Sunday, 24 January 2010

Rivers, Streams, and Tiny Brooks

"I do love the sound of your life, rippling, murmuring, giggling, humming along as you live your days,"  wrote a dear old friend the other day.  I smiled at her description of my life and thought of myself as a little brook splashing its way from one tiny lake to another.  The occasional bit of treacherous rock outcropping to manoeuvre around.  The odd waterfall to navigate.  The occasional portage necessary. But mainly a pretty serene life.

Margaret Laurence wrote of life as a river in The Diviners.  Moving water is not an uncommon metaphor for life, but we usually think of much larger rivers, ones with depth, and speed, and great breadth and length.  Important rivers. But perhaps that is because the metaphor is used most often in the middle of a life.  When it describes old age, it is the end of the river,  the estuary where the water spreads out over mud flats to meet the sea gently, sluggishly.

I think I much prefer the idea of my life coming to its end in a little tributary, in a happy little stream.  I've lived through the tumultuous years, the years of being a part of the world, the years of building  career and family, the years when what I did made a difference. Now I am quite content to live my life simply ... rippling, murmuring, giggling and humming my way along.

I am lucky.  The friend who wrote those words is back in hospital for the second time since November when I visited her.  She is still hopeful and positive, but living is hard work these days.  I wish she could join me in my little tributary and have some respite from the waves that threaten to engulf her.

7 comments:

Anonymous said...

Welcome back!
I had given up looking at your site every morning -- glad you emailed me.

I enjoyed the description of your life that you quoted very much. A fascinating little brook it is, too.

I just read somewhere that if the first third of one's life is to learn what you need to know for the second third: accomplishing things, raising a family, etc, then the last third is more philosophical: losing the ego & learning how to make a good death.

I would say losing the ego sooner rather than later is a huge key to happiness.

Barbara Carlson
I add this because my Google password doesn't always connect.

IrishGirl said...

You and Barbara both have given me much to think about and imagine. Such an interesting post.

Oma said...

I just read in a memoir written by a woman who is now in her eighties. She says we learn and play and work very hard till we are about 60 and then, if we are lucky, we have three stages left.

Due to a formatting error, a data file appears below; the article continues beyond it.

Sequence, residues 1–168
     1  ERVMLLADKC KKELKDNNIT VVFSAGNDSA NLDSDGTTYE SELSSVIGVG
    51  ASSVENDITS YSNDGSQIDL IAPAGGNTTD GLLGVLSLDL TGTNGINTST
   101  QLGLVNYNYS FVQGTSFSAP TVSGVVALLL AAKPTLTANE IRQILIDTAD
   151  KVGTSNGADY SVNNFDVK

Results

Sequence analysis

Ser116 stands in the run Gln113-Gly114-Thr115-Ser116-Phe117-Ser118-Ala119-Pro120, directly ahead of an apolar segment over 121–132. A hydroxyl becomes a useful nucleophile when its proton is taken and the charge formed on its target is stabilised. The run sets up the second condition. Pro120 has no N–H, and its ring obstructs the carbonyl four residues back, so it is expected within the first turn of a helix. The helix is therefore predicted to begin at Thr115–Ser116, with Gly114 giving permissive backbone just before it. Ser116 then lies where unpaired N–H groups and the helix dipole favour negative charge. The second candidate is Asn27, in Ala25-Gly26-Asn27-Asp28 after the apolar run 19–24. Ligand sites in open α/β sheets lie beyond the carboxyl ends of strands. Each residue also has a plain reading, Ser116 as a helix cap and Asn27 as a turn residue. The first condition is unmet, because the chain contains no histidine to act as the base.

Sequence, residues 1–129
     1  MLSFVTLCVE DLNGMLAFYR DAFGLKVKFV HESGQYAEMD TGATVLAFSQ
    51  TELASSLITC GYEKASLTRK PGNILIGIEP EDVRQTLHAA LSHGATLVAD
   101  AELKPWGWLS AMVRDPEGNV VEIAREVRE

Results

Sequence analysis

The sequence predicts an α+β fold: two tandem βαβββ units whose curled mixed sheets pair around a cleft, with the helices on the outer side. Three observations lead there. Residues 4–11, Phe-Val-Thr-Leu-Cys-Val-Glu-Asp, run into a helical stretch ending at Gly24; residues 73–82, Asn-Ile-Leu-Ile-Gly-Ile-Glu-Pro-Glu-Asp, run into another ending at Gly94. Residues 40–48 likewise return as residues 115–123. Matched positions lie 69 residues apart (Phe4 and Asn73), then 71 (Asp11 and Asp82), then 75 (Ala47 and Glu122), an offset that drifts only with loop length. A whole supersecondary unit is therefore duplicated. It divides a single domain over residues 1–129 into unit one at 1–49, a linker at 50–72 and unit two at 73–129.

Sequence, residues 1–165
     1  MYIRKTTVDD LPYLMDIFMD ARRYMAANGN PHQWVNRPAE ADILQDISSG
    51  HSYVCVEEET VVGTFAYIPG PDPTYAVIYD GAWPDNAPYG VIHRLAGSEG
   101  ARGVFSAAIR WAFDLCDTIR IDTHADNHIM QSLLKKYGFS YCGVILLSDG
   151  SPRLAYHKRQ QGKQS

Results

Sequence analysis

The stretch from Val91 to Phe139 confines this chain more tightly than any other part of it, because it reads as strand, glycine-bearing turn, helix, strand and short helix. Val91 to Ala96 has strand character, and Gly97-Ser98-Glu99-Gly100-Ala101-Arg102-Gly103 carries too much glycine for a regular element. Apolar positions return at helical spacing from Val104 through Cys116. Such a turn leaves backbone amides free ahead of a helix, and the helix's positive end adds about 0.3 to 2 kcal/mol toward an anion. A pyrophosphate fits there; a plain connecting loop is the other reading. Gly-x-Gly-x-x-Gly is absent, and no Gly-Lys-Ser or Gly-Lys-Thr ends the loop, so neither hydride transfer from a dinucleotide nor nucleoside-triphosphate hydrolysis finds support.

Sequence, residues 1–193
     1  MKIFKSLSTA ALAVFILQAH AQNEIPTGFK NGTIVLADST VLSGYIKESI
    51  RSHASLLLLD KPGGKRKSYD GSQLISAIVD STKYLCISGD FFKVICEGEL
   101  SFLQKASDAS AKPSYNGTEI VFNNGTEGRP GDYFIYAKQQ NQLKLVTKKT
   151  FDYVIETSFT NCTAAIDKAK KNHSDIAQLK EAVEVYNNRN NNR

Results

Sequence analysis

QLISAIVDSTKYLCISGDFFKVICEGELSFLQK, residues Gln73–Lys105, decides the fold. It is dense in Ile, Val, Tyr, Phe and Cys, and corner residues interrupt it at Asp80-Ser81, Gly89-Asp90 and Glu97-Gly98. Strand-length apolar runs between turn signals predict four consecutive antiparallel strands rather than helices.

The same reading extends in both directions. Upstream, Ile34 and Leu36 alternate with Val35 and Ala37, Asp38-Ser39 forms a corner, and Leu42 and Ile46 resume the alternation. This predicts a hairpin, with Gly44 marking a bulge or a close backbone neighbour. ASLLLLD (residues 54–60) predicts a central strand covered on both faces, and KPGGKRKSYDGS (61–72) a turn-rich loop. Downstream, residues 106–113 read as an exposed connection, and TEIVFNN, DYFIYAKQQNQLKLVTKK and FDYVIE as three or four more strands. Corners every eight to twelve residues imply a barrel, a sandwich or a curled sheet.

In the first stage we have a great deal left to give to the world so we volunteer our time, knowledge, wisdom, and energy.

Then we go through a stage where we have to spend our time looking after ourselves.

The final stage is the one in which others must care for us.

The same good friend who wrote about my brook-like life says that it is very hard to learn to ask for that help when needed, to find that kind of generosity within oneself.

Anonymous said...

An acquaintance has been confined to a hospital bed in his living room & looked after (for everything) by his loving wife. Friends recently gathered around his bed, all holding hands, telling stories about him, laughing and crying. He woke up and said, "Am I dead?"
"No!" they cried, "we're just having a living wake."
I hope he smiled and said carry on.

That is my idea of a good death. Friends who gather round at the end to remember you at your best. And you can listen in!

Barbara Carlson

Oma said...

Great death ...

Anonymous said...

well this is interesting. just a week or so ago i wrote a friend and wrote of how brave a little creek is to meet the ocean. to make a channel thru the strand. and disapear forever. and said i could never be that courageous. to meet the firing squad as it were and chose no blindfold. and i realized it was a metaphore for death. our little stream goes back into the ocean never to be the same. back where it came from. altho molecules of water will eventually find their way back into the same streambed. then it occurred to me that i am afraid to throw myself into anything that might absorb me completely. that i might lose myself. in a love affair? a search for the perfect wave? an attempt to solve so and so's mathematical paradox?

Oma said...

Whew! Anonymous 2 ... wonderfully and fascinatingly enigmatic ... Who are you and how did you find me?